I have a cold. It comes and goes. For Christopher, it just stays, so I’m not complaining (too loudly). And we haven’t even begun to Xmas shop yet. But a post on recent writing stuff, anyway…

Spring_turkey_bwTurkey City 2007.
For those of you who don’t know, the Turkey City Writer’s Workshop is, to quote the home page, "a long-running Texas science fiction institution," held in Austin. It is, of course, the genesis of the infamous Turkey City Lexicon. When Chris Nakashima-Brown graciously invited Christopher and me to attend this year’s incarnation as guest workshoppers, we immediately said yes. (Or it would have been immediate, were I better at keeping up with the e-mail.) Plus, any excuse to impose on Maureen’s hospitality is thoroughly welcome.

The thing that makes Turkey City a bit different than the usual workshop is that it takes place over one day. The format involves spending the hours up to lunch reading everyone’s stories (we had 12, I believe, a few of which came a day or two in advance via e-mail), grabbing lunch, then indulging in the standard Milford-style critique circle until every last story’s been given the royal treatment. It’s kind of like Survivor: Workshop. Sounds brutal and hellish, I know, and, well, it is brutal, but thankfully not so much with the fiery torture. We didn’t see a whole lot of TC’s legendary acid and scrappy critique stylings, for which I’m grateful. Instead, we read a bunch of really good stories and had very cogenial discussions about how to make them better. I got some excellent feedback on my novel’s opening. Afterward, there’s a party, which was fun (if sort of a blur due to the complete and utter exhaustingness of the day). (C-Nak’s house, btw, is basically the coolest pad in the world.)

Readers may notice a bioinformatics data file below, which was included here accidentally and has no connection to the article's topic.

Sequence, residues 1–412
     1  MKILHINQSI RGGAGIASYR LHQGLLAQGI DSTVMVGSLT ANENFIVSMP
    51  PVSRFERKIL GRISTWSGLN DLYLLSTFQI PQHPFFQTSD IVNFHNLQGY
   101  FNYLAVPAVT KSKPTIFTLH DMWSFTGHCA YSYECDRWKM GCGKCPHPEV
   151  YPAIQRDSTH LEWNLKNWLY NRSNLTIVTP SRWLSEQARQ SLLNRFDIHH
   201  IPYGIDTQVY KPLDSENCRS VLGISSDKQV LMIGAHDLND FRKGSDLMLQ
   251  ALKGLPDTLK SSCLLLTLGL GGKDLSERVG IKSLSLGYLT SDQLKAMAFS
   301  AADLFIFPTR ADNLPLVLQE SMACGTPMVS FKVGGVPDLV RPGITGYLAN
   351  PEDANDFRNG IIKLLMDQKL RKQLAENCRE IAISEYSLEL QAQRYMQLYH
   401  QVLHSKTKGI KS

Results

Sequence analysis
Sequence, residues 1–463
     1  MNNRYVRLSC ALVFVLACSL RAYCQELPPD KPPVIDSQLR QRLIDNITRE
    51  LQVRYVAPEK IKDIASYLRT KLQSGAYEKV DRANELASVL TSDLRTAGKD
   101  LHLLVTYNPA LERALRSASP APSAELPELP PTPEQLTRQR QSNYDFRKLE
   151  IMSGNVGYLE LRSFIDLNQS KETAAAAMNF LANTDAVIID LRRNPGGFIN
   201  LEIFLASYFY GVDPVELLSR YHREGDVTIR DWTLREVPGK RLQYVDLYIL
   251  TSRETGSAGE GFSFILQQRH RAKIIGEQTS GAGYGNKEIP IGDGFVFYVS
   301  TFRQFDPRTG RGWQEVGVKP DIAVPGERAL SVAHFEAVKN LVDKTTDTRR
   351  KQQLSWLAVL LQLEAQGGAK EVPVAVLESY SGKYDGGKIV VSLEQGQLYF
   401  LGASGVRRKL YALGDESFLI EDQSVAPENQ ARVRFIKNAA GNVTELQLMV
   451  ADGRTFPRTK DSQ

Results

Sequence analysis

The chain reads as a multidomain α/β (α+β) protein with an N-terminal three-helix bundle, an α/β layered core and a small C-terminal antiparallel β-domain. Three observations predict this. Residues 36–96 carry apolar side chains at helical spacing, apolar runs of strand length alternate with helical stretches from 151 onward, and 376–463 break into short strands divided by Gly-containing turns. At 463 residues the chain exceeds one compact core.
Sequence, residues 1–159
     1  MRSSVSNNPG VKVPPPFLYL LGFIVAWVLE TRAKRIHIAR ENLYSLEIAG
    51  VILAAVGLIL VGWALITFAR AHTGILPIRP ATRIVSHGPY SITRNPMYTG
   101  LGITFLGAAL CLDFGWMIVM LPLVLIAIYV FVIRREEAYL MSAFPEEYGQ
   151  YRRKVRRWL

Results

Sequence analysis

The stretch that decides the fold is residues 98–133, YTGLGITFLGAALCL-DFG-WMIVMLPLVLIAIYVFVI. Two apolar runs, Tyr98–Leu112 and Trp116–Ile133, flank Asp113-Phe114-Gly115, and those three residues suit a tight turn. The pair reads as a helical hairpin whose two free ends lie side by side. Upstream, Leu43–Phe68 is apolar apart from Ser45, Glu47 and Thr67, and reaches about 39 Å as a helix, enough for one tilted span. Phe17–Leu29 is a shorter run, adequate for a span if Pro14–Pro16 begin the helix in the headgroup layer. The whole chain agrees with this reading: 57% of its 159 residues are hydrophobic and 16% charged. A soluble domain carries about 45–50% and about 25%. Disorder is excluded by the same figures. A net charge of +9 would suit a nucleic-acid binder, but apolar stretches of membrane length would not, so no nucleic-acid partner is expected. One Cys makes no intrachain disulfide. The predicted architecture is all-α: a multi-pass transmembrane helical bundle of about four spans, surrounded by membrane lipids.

The next day we slept in, then went for a delicious lunch at local staple Las Manitas Avenue Cafe. After that, we paid a visit to the extremely excellent Harry Ransom Center to see the current exhibits; one was about the trend for costumes and staging in Victorian photography (including a whole bunch of Lewis Carroll’s stuff that I’ve loved for ages), the other about Arthur Miller’s theater and featuring some amazing letters written during the McCarthy era about his refusal to name names. Christopher and I both had our pictures snapped in the interactive part of the Victorian exhibit and they can be seen at those links–we’d have done something more interesting if we hadn’t been so wiped. Then on to Book People, where I overindulged in the stupendously wonderful children’s and teen section. (Seriously, best staff recommendations and selection EVER. What a great bookstore.) Airport, ice cream, hellish flying experience that at least involved free booze from the flight attendant, and home home home. Needless to say after this report, Maureen and Chris are the best hosts around.

ScrivenertitleRevision. & Again.
Yes, we all love Scrivener. I’m finding it’s really and truly worth its weight in gold (or more, actually, because it probably doesn’t have a weight in gold) as I go into revision mode. Not that it’s not wonderful during composition, but it seems there are so many functions I’m only discovering now.

Which is a short way of saying that things will probably continue to be sporadic around these parts until next year. My intention is to turn around the major revision of Monster Nation in the next month or so (I leave for my next MFA residency January 13, and more on the First Year of the MFA soon), which will be lots of work. I’m working on my revision outline the rest of this week and then will dive into it. Luckily, as I said, Scrivener makes rearranging and tweaking your story spine and managing the overall task of stuff so much more intuitive. This is a very good thing. Then, I’ll circulate it to some people and see what they think. (And start something else.)

Oh, revision, my favorite favorite part of the writing process. The part when you get to make stuff good.

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